Liana Brittain: How Canada’s flawed assisted dying law led my husband to end his life earlier than he wanted

All Paul Couvrette wanted was more time. He had finally met and married the love of his life, and they had retired to their dream home by the sea on Prince Edward Island. But Paul's lifelong retirement dream was cut tragically short when he was diagnosed with terminal cancer not long after their move.

Choosing to die with dignity on his own terms, Paul underwent the rigorous screening and approval process for medical assistance in dying. He was found to be eligible for the procedure, but a flaw in Canada's assisted dying law forced Paul to die earlier than he wanted.

In this blog, his widow, Liana Brittain, reflects on the late-stage consent requirement in the law and the cruel choice it forced Paul to make.

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Dr. David Amies: The next frontier for assisted dying in Canada

In this blog post, Dr. David Amies takes a look at the groups of Canadians who are harmed by the late-stage consent requirement in Canada's assisted dying law.

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New campaign calls for Audrey’s Amendment to Canada’s assisted dying law

As part of a new campaign honouring Halifax’s Audrey Parker, Dying With Dignity Canada (DWDC) is calling on federal lawmakers to make an urgently needed fix to Canada’s assisted dying rules.

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In Case You Missed It: January 2019

In Case You Missed It is a round-up of news articles and commentaries featuring Dying With Dignity Canada speakers and stories. Did you miss these stories in January?

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Kristen’s story: Will my mother be denied end-of-life choice like my grandmother was?

In this blog post, Edmonton's Kristen Kizlyk describes how a dementia diagnosis ultimately changed the course of her grandmother's life. Her final memories of her grandmother — her "shining light" — are full of pain and suffering.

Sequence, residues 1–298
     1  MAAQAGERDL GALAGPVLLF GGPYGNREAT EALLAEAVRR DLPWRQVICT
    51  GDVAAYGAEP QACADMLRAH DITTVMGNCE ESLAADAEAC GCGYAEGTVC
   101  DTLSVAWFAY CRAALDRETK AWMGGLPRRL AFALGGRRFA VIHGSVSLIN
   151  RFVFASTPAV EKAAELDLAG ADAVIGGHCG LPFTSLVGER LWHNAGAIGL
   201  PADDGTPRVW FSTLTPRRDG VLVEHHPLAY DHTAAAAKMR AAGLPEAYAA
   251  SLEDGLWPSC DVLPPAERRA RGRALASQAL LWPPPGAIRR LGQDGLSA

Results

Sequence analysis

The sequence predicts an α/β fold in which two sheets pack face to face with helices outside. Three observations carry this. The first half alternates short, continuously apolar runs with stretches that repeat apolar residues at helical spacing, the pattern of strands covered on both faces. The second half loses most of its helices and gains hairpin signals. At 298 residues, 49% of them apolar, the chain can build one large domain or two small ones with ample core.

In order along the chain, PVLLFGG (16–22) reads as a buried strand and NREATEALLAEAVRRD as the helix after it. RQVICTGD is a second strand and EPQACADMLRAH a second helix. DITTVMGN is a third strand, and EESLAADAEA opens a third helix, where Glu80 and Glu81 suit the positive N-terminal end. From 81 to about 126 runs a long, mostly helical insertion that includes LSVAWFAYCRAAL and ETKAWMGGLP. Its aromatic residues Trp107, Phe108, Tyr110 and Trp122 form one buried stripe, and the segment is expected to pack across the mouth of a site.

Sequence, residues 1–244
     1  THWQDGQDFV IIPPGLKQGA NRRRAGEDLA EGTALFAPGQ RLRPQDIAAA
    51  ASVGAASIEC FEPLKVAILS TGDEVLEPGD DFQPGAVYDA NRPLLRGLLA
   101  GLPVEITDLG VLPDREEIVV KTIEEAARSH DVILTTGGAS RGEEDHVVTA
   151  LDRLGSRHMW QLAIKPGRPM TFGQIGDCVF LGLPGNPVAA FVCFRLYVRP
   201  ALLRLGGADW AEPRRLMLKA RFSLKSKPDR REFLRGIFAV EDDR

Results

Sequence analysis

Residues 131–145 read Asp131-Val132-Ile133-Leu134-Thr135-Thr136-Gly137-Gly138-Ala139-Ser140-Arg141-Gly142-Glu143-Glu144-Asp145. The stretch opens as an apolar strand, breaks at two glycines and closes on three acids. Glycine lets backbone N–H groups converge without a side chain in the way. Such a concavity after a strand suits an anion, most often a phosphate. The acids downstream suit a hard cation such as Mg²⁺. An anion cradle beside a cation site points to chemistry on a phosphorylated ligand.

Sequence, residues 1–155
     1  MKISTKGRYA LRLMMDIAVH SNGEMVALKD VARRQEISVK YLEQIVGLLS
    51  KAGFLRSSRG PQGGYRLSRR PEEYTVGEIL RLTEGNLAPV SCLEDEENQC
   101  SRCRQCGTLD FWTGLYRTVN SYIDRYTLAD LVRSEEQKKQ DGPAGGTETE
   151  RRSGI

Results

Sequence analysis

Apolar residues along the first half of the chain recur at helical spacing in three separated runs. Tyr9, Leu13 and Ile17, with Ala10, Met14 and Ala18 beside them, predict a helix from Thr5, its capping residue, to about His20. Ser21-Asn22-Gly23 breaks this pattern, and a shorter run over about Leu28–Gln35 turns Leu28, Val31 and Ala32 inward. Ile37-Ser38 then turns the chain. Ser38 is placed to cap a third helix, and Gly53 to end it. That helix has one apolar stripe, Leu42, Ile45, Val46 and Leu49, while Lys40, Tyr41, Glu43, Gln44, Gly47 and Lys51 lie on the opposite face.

Kristen hopes her mother, who was diagnosed with multiple sclerosis in 2001, will be able to avoid this same fate. But because of the ban on advance requests for assisted dying, Kristen's mother — who is at risk of losing capacity — may not be able to access her right to a peaceful medically assisted death. Our existing discriminatory rules, Kristen writes, must change to ensure the rights of people with degenerative conditions are respected.

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Dying With Dignity Canada to defend patients’ rights in Ontario appeal case on assisted dying

Dying With Dignity Canada (DWDC) is returning to court this week to defend patients’ rights in Ontario.

The organization is an official intervenor in a case that will be heard by the Court of Appeal of Ontario on Monday and Tuesday. At stake is the College of Physicians and Surgeons of Ontario’s (CPSO) policy of effective referral for assisted dying. Approved in 2016, the policy requires physicians who oppose assisted dying to refer patients who ask for it to a clinician or third-party agency that can handle the request.

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In Case You Missed It: December 2018

In Case You Missed It is a round-up of news articles and commentaries featuring Dying With Dignity Canada speakers and stories. Did you miss these stories in December?

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Liana Brittain: Surviving the holiday season in the midst of grief

When it comes to grief and bereavement, everyone’s path is different. Similarly, every experience with medical assistance in dying (MAID) is as individual as the person who chooses it. That’s why we have much to learn from the growing number of Canadians who have supported a loved one on a journey with assisted dying.

In this special blog post, Ontario’s Liana Brittain provides invaluable insights into her grief following her husband Paul’s assisted death. She also writes about the unique challenges facing loved ones who are left behind after a MAID death and the pain that is triggered by the holiday season.

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Don Kent’s gift to Canadians

DWDC’s Rachel Phan reflects on what it was like to help the late Don Kent blog about his journey with assisted dying.

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DWDC responds to release of federal studies on assisted dying

The Canadian government must not wait any longer to restore the rights of people who have been discriminated against under the federal assisted dying law, Dying With Dignity Canada says.

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